Warne, McGrath, Hayden, Waugh, Healy – the list of Australians who so easily dispatched England’s hopes of Ashes victories throughout the ’90s and early ’00s could go on and on . . .
But with the Aussies down in fourth in the ICC Test World Rankings and England comprehensively winning the Ashes ‘down under’, the tables have turned and the Australian success story is nothing more than a distant memory.
Former test captain Ricky Ponting continues to play on, but it can’t be long until he joins the likes of Warne in the TV Studio. Michael Clarke, Mitchell Johnson and Brett Lee also remain from the squad that whitewashed England 5-0 in the 2006/2007 series, but the new generation haven’t managed to fill the gaps left behind with much success.
Highly rated batsman, Usman Khawaja made his debut in Sydney against England in January, but has struggled to make an impact and has only played in 2 tests since. He enjoyed some success in this season while at Derbyshire, but he was far from spectacular.
In fact, since the 2006/07 ashes series, the Aussies have handed debuts to 23 players compared to England’s 16 new caps. Wicketkeeper Brad Haddin, paceman Peter Siddle and batsman Marcus North are the only 3 players on that list to have played in 20 or more tests since making their debuts.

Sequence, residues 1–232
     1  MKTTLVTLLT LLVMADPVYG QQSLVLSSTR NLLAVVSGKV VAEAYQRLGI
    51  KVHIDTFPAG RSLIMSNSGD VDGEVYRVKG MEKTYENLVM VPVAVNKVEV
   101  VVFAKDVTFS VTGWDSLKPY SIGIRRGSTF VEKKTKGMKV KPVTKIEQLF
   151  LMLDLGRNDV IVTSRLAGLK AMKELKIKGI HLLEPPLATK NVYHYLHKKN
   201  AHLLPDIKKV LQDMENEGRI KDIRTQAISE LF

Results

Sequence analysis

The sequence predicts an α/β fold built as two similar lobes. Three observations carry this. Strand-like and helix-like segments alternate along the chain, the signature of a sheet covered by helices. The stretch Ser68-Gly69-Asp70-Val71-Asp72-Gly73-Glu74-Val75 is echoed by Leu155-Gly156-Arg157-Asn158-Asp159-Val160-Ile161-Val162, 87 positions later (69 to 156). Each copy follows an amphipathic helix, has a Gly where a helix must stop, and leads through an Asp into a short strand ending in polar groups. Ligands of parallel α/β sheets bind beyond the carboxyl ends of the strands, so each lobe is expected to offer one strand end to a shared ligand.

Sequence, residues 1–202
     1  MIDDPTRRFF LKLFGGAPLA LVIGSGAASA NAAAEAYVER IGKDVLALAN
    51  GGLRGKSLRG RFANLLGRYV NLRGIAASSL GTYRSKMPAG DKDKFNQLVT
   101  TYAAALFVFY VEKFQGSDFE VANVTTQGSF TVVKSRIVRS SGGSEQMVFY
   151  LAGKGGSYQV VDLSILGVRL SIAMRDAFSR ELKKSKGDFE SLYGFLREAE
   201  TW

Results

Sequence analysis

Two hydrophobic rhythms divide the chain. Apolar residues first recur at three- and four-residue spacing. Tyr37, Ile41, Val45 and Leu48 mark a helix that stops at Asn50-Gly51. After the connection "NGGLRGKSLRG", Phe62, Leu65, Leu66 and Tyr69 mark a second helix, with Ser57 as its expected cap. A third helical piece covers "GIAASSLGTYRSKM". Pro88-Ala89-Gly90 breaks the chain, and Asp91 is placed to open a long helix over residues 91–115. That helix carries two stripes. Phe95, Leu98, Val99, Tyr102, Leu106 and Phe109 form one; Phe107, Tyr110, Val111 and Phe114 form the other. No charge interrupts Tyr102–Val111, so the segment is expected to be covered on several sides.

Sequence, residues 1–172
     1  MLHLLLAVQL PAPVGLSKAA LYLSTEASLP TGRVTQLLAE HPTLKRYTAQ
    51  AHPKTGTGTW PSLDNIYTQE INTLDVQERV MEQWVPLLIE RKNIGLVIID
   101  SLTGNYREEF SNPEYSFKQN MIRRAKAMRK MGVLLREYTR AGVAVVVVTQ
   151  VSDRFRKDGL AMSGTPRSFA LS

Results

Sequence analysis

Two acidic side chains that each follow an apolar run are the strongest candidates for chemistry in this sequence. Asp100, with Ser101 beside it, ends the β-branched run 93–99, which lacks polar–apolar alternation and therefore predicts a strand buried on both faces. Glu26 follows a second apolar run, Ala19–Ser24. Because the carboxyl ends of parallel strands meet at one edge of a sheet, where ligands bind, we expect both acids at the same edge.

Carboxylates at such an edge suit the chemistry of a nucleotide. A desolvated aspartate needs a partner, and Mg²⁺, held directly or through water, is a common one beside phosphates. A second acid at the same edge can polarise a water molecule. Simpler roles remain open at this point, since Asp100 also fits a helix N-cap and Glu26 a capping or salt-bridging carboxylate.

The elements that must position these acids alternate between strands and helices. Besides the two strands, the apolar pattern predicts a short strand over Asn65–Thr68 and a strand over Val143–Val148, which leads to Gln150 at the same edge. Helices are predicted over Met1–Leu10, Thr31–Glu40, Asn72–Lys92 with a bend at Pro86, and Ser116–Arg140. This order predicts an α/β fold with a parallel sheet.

The Australian selectors have their work cut out to find a spin bowler that can be considered even half as good as Shane Warne or an opening partnership that can match the famous Slater – Hayden and Hayden – Langer duos. The resignation of team coach Tim Nielsen last month after 4 years has added to Cricket Australia’s woes and interim coach Troy Cooley is unlikely to be the long term replacement.
Michael Clarke led his team to a 1-0 win over Sri Lanka in his first series in charge but a tour to South Africa has led the new captain to admit his team visit the Proteas as the underdogs.
“Playing anybody on their home soil is always harder because you know your conditions so well,” he said.
“They have had a lot of success in their own country, so it’s as tough a challenge as you face in world cricket, no doubt.”
The next year will go a long way to deciding the future of Australian cricket, an expected new coach and the emergence of new talent should enable them to climb the rankings once again.